Sunday, February 4, 2007

In My Previous Life: Credit

I found a job with a Temp agency. I’m currently on my first assignment and everything appears to be going well. But still, I’m just a temp. At least I’ll go out in the ‘Recycle’ bin instead of the ‘Trash’ bin where the full and part time employees go when they get laid-off.

I wound up in a corporate trash heap back in 2001 and never recovered. It doesn’t look too promising anymore either. Because I worked in a media outlet, I was under the mistaken impression that working in the mass media meant job security. Instead of our jobs getting out-sourced like tech jobs, our jobs were consolidated by media mergers.

Technically, I’m one of the new suburban homeless, a 42 year-old living in my mother’s house. She doesn’t mind because she can travel with the comfort of knowing I’m watching her house and the pets.

Still, I suffer the humility of my situation. I miss my independence. In this culture we are measured by what we have. It’s a sad, pathetic way to judge someone, but it’s a fact of life in our industrial plutocracy.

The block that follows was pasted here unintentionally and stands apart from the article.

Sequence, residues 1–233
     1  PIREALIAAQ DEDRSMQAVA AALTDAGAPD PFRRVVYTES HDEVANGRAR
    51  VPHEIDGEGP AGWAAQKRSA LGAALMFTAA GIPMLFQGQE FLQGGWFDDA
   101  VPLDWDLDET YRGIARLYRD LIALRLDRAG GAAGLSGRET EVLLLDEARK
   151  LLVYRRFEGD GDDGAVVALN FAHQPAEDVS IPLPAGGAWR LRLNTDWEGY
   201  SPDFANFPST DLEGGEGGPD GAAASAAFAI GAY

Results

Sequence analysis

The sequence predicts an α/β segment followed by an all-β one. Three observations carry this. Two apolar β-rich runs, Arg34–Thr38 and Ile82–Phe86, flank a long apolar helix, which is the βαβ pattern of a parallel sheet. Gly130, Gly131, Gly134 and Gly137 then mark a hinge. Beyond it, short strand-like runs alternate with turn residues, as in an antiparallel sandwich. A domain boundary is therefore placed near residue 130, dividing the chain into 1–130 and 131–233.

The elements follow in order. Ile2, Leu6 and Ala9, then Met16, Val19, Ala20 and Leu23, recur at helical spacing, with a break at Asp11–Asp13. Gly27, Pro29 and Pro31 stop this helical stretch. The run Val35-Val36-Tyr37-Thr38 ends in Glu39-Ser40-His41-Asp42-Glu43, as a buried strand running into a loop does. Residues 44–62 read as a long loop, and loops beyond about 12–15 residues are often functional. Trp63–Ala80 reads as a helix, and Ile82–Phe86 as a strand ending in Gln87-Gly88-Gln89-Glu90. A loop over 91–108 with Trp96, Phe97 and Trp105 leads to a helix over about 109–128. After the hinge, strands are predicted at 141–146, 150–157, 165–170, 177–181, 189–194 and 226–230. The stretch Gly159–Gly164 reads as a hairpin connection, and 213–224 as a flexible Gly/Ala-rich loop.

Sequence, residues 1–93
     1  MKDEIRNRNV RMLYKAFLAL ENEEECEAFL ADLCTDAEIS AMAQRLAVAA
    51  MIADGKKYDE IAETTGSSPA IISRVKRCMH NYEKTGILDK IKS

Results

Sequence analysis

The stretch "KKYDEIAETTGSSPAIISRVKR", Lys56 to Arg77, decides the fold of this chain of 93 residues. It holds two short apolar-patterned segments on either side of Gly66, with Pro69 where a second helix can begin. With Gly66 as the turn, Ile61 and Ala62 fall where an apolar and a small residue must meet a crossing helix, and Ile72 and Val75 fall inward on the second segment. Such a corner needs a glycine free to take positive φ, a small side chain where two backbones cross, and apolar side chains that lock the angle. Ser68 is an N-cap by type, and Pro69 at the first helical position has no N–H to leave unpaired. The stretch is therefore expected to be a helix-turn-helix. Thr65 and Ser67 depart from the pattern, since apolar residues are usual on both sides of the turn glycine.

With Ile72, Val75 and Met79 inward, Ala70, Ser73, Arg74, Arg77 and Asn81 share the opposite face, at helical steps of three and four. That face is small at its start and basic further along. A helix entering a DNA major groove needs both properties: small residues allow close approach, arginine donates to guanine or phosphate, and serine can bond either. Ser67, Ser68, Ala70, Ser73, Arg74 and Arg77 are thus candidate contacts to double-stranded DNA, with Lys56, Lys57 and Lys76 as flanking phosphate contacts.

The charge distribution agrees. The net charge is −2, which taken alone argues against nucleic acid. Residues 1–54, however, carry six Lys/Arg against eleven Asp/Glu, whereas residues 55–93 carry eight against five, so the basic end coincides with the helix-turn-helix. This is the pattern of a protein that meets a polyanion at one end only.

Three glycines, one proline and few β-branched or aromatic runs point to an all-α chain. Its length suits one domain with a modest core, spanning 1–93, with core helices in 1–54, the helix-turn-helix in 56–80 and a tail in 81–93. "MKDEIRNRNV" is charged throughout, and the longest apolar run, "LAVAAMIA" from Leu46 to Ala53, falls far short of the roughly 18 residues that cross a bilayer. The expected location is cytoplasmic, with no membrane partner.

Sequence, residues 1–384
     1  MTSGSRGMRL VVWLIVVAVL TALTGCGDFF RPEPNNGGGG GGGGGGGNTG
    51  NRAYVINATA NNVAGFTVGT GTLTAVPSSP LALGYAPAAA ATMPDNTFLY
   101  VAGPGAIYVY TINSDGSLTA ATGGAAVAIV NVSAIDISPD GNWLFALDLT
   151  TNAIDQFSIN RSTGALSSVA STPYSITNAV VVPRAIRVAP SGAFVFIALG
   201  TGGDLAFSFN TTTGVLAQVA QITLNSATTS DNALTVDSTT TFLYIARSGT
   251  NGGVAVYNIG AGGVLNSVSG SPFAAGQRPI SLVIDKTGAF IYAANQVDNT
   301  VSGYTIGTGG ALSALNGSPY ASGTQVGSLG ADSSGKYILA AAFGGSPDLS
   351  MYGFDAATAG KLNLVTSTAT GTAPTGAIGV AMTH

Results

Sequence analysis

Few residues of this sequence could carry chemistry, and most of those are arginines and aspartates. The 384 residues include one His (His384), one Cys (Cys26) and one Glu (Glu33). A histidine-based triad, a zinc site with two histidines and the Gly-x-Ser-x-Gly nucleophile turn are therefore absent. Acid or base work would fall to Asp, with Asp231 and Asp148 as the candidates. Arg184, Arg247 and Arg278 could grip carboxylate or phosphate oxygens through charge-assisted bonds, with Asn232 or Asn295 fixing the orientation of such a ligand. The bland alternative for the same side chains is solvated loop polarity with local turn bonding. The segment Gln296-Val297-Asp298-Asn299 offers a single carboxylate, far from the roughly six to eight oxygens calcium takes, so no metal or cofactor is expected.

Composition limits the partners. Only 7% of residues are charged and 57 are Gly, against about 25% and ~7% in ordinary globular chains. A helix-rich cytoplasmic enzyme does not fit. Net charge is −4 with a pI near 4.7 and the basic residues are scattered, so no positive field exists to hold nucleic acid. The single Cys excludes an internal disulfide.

I once had my own house full of things on an acre of land. I thought I had a good job. I thought I was set for life. That kind of thinking is dangerous.

I began to accept credit card debt as a fact of life. Getting away with only making a minimum payment month after month was keeping my mind off of the total debt. My monthly minimum payments gradually crept up from around $12 to $40 and I didn’t notice it because of “Creeping Normalcy.”

Creeping Normalcy is what creditors count on most for their profits. They count on us to not turn the page and read the fine print on the back of our bills. Tiny obscure fees began to appear for less than one dollar. The tiny obscure fees would sit there unchanged for about six months, or longer, and then they would start to gradually increase.

I got rid of all of my credit cards in July of 2002. I sold my house, paid them off, cut them up, and never saw or used any again. I now only have a checking account. Money trickles in every now and then and I can keep my phone and my car insurance. If I’m lucky I can get some gas for my car.
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